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Student Activity Fee readjusted

Activity Fee

Thursday, Student Government Association will present their 2014-2015 student activity fee proposal to the Budget Planning Committee. If the proposal is passed, budget cuts will be made to some campus organizations because of income projections for the upcoming year.

The SAF is a portion of tuition that goes toward funding student organizations and events on campus.

Sue Oatey, vice president and dean of student affairs, and Linda Brown, vice president for finance, forecasted that there will be more than 2,400 students paying the SAF in 2014-2015. Based on this number, the SGA executive team shaped the proposed budget for the year.

This number does not reflect next year’s student enrollment; it is simply the projection of how many students will be paying the SAF as a part of their tuition, according to SGA president Levi Bachmeier.

The SAF proposal suggests four main changes to the auto-disbursements that come out of the fund. Two of these changes will be reductions in the amount of funds allocated to The Concordian and to transportation services available to students. The other two changes will be additions to the newspaper readership program and to funds allocated to Olson Forum.

The Concordian will see a reduction of $1.50 per student and transportation a reduction of 75 cents. Newspaper readership, which provides state and national newspapers for free to students at Concordia, will get an auto-disbursement increase of 50 cents and Olson Forum an increase of 19 cents.

Chelle Lyons Hanson, faculty advisor of SGA, said the organization took a harder look this year at areas where money could be allocated differently.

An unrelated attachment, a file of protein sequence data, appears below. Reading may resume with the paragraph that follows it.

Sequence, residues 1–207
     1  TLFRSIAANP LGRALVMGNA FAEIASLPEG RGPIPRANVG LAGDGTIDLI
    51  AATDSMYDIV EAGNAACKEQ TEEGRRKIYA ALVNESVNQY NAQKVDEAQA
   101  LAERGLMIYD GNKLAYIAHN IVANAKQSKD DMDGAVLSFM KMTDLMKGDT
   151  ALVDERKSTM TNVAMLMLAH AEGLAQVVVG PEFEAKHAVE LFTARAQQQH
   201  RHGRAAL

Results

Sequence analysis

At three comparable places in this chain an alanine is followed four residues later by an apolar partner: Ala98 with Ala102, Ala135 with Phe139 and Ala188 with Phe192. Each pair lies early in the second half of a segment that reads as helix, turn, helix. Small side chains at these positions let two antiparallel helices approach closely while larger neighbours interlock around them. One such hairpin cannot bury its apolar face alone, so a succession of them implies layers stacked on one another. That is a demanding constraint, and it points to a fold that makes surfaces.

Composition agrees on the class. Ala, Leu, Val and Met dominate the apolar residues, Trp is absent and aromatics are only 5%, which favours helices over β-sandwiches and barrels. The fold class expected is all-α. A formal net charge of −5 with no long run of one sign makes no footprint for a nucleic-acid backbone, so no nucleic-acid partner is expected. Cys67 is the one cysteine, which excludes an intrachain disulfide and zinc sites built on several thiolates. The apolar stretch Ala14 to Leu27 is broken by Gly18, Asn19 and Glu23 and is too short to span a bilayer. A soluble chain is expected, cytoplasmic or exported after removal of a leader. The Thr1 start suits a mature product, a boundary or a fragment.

They asked themselves the question: “Does the allocation reflect the best interest of the students?” she said.
SGA provided rationale for the changes made to the auto-disbursements.

The reduction to the Concordian’s budget, going from $12 per student to $10.50, is in response to the large reserve fund the Concordian has accumulated over the past few years. The fund, which is more than 100 percent of the proposed yearly budget, is too high, Bachmeier said. According to Concordia CFO Linda Brown, he added, a reserve fund should only be 10 percent of an organization’s yearly budget.

SGA is also proposing to discontinue the Doyle’s Cab service due to inconsistent usage. This would result in a 75 cent reduction to the amount of money allocated for transportation and allow the funds be used elsewhere.

The addition to the newspaper readership program is meant to balance out a drastic reduction that was made last year. A 19 cent addition to the allocations for Olson Forum will make accounting easier, bringing the amount from an awkward $5.56 to $5.75 per student.

Despite the cuts SGA is proposing, Campus Service Commision will see a budget increase for the upcoming year.

The CSC program director, group projects coordinator and public relations coordinator positions are currently unpaid positions. Under the new proposal, stipends will be created to reimburse students for their work in these positions.